Question 4(b)You explain to the board of directors that the accident has not resulted from a single cause, but instead from a combination of failures.
Comment on the likely active failures that led to the fall from height accident.
Note:You should support your answer, where applicable, using supporting document 1 and relevant information from the scenario.
(Please give a minimum 15 bullet points)
Packagenics is a medium-sized organisation occupying a two-story office building located just outside a large city. The organisation has grown significantly over the last eight years; worker numbers have increased from 60 to 125. The office can accommodate up to 100 workers. All workers are office-based, apart from 10 workers who work remotely.
Regular meetings with customers and visitors are also held at the office. At the front of the office building is a car park that has 45 parking spaces. Once the car park is full, workers and visitors are expected to park their vehicles on the roads near the offices. The car park surface has cracks and potholes, and there are some old, unused garages at one end.
The chief executive officer (CEO) and board of directors have agreed to extend the office building on some unused land next to the existing office. They also plan to repair and re-surface the car park and increase the number of parking spaces by demolishing the unused garages.
You have been Packagenics’ facilities manager for the last three years, and the board of directors have recently extended your duties to managing health and safety. They believe this will allow them to concentrate on the management of the business. Although you have no formal health and safety qualifications, you have been in similar roles for the past 10 years. You also have some experience of managing health and safety in other organisations. You have requested to attend a health and safety course, but this has been declined.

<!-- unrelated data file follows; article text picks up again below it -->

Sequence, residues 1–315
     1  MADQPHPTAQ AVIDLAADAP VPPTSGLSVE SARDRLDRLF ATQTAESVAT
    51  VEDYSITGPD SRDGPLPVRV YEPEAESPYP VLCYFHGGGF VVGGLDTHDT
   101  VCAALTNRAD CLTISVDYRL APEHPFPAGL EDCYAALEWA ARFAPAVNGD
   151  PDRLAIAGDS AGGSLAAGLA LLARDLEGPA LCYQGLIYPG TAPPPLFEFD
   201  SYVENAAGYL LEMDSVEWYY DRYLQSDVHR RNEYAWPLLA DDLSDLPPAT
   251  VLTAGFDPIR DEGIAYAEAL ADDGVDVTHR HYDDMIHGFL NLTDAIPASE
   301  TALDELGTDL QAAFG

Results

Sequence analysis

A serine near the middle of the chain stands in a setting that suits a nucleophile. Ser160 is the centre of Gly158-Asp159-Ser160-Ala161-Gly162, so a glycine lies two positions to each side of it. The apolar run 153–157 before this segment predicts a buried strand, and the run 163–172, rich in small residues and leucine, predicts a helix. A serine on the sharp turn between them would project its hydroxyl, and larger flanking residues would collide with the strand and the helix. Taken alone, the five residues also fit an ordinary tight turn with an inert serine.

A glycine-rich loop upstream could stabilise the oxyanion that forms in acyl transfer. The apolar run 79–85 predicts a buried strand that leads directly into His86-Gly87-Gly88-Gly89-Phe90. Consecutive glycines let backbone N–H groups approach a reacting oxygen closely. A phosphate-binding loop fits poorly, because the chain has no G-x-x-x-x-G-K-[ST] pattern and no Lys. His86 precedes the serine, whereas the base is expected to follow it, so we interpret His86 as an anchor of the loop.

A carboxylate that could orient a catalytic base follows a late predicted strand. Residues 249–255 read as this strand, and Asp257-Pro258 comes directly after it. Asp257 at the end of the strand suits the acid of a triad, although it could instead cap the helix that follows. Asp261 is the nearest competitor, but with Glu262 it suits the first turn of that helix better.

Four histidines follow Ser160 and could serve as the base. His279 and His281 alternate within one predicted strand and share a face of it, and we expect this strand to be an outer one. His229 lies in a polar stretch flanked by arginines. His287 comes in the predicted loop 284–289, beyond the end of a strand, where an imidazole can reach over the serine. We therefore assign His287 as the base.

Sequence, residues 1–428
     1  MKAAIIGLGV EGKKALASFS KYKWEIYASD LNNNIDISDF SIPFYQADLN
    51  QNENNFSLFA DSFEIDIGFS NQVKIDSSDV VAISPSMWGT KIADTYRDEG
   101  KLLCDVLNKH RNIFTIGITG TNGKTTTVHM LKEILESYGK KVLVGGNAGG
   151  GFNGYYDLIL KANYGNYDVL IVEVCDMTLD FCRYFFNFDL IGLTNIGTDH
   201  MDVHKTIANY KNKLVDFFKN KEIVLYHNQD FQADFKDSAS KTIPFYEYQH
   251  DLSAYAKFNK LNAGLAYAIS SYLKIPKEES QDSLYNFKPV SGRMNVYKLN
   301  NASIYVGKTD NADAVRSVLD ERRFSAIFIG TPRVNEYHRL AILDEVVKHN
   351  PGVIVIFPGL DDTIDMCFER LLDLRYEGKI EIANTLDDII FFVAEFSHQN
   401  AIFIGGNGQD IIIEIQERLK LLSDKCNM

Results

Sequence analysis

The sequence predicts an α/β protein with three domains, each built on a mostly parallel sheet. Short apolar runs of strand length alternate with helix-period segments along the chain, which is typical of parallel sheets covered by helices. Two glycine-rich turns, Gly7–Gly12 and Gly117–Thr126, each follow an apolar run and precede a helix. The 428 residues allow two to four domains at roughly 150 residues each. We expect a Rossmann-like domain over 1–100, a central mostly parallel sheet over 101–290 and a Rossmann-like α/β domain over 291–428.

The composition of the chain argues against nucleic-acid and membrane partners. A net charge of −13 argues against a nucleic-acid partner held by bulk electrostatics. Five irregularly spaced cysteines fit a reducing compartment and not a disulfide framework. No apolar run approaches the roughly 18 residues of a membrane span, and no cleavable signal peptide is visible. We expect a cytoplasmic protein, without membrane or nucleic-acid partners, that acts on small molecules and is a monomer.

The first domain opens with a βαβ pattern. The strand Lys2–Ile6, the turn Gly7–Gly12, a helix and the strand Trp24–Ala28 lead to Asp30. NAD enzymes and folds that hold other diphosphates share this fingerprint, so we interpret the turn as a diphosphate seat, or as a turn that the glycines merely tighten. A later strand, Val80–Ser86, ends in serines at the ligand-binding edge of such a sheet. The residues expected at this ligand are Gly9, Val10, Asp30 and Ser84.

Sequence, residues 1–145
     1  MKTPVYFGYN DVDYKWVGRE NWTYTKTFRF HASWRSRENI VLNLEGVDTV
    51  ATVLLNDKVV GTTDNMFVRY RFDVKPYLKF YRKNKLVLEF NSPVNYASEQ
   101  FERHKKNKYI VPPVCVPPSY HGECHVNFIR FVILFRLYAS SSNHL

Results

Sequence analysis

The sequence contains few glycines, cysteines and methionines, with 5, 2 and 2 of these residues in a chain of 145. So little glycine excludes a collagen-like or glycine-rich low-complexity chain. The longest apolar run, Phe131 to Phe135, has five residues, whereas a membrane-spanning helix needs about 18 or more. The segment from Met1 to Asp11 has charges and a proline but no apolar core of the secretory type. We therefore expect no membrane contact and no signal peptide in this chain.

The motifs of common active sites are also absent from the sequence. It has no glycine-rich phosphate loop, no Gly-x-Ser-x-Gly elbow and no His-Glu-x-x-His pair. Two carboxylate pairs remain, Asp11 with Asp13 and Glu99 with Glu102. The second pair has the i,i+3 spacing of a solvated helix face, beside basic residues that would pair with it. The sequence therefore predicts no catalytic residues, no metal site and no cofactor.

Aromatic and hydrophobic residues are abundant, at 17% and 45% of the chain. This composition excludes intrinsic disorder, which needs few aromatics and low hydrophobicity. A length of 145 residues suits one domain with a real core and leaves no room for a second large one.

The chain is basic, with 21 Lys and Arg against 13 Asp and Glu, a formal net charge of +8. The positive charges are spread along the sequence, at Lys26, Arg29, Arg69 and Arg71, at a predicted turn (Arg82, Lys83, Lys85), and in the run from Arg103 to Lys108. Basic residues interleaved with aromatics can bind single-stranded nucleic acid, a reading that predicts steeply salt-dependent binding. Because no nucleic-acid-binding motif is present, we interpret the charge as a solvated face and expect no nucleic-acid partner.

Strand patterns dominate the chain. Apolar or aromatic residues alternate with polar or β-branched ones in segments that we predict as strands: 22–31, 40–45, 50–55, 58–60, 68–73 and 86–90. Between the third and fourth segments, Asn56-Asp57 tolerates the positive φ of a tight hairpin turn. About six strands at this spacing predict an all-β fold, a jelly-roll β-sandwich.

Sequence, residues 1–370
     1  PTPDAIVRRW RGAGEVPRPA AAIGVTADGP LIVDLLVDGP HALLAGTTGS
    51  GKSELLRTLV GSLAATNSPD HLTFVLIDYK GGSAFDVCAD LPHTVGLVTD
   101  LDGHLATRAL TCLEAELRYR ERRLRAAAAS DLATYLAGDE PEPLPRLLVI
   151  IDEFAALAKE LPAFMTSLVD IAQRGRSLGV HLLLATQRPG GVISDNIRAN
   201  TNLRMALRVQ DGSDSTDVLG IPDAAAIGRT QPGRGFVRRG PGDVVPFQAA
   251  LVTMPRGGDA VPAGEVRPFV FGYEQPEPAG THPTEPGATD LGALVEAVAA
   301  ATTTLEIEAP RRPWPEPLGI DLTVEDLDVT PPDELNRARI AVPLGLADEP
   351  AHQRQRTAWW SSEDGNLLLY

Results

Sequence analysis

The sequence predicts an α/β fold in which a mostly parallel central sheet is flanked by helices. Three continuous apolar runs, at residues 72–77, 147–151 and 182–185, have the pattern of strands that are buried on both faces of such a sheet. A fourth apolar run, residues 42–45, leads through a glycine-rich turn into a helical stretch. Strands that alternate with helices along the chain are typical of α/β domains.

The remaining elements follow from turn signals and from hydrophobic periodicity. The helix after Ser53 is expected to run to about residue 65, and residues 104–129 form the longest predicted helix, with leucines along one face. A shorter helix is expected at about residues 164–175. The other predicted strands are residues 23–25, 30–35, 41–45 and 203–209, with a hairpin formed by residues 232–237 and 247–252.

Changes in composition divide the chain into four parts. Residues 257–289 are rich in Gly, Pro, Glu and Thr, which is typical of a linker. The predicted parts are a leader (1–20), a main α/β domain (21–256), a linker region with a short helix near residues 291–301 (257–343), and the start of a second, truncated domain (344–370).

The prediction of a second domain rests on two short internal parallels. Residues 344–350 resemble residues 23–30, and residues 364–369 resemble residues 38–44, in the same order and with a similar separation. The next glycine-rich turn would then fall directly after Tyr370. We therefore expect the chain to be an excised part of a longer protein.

As part of the building and car park extension project you are expected to select and manage the contractors on site. You have never managed or sourced contractors, so you begin by reading through the organisation’s contractor policy. The policy includes a ‘contractor approval process’ and a list of contact numbers for local contractors already approved. You discuss the project requirements over the telephone with various contractors, and shortlist four that are the most suitable from this list.
You prepare a specification that covers the scope of the work. The four reputable contractors you shortlisted are invited to submit a proposal and quotation for the work. As part of this, you also ask all contractors to supply a copy of their health and safety policy.
You arrange for each of the contractors to visit the site. Over the course of a week, all four contractors visit the site and assess the required work, then discuss any details with you. They provide you with their health and safety policy, a list of references and insurance details. Shortly afterwards, they all provide you with a proposal and quotation, including their risk assessment and method statement (RAMS). After comparing prices and documentation, you select two of these specialist contractors; one contractor for the office extension and a different contractor for the car park extension. You draft a proposal and present this to the board of directors two days later.
During the Board meeting, the CEO advises that their friend’s organisation, Elite Construction Ltd (ECL), should also be considered for the building and car park extension project.